Today they have allied with political Islam. In Muslim communities they have allied not with the youth, the secularists, the women, but with the community leaders.
They have allied with George Galloway, who openly admits taking money for his political activity from Saudi Arabia, and was openly friendly to the Saddam regime in 1994-2003. The SR/ IS/ SWP used to say that the orthodox Trotskyists were too soft on Stalinism, but now they are allied with an open friend of a Stalinist-type regime.
The SWP has embraced a totally negativist attitude to the world around them. Marxists have a negative critique of the world as it is, but we also have a positive programme, based on elements of that same world around us.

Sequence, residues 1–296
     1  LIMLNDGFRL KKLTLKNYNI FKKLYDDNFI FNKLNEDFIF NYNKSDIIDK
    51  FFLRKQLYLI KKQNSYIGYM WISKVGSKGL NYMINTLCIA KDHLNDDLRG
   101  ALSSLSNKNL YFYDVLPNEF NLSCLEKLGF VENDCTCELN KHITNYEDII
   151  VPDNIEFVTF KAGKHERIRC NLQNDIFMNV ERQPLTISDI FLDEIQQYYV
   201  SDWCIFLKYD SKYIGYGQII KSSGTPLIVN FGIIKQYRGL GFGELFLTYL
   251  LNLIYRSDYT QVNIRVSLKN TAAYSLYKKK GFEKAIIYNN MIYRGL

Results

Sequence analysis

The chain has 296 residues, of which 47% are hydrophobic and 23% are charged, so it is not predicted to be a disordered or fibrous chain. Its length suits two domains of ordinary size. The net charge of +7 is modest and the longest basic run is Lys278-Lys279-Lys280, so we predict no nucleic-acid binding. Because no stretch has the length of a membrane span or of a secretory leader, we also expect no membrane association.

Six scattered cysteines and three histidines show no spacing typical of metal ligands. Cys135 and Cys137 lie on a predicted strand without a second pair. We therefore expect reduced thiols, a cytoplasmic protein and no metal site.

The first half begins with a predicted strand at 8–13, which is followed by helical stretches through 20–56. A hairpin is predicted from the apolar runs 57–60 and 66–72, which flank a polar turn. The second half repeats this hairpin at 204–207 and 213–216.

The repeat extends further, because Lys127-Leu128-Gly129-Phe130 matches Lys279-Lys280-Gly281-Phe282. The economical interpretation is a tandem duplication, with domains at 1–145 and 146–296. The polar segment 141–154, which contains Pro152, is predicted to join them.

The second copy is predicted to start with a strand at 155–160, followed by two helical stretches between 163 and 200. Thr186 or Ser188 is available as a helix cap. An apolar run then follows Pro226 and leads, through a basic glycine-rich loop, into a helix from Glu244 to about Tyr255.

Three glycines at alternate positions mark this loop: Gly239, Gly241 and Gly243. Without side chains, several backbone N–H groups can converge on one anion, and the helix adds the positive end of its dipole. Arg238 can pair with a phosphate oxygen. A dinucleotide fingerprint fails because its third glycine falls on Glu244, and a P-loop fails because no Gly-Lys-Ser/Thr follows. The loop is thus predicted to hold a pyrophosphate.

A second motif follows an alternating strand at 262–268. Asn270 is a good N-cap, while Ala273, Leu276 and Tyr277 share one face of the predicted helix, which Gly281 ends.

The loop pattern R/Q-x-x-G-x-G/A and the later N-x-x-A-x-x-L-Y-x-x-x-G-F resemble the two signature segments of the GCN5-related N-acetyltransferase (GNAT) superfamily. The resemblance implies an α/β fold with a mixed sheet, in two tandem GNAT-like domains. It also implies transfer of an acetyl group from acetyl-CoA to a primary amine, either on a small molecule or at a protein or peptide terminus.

Stalinism annexed the “anti-capitalist” elements of the Marxist programme, but jettisoned the positive socialist and democratic elements of it and substituted a different, Stalinist, programme. The SWP has done something similar.
The SWP opposes “imperialism” in a way which means opposing advanced capitalism and implicitly favouring backward capitalism. They do not understand that e.g. political Islam is worse than liberal capitalism. They have fallen into something like what Marx in the Communist Manifesto called “reactionary socialism”.
The SWP’s account of their own history is heavily myth-ridden. It’s like the mythology in which the Fabians claimed to have been the founders of the Labour Party when in fact they had supported “permeation” of the Liberals.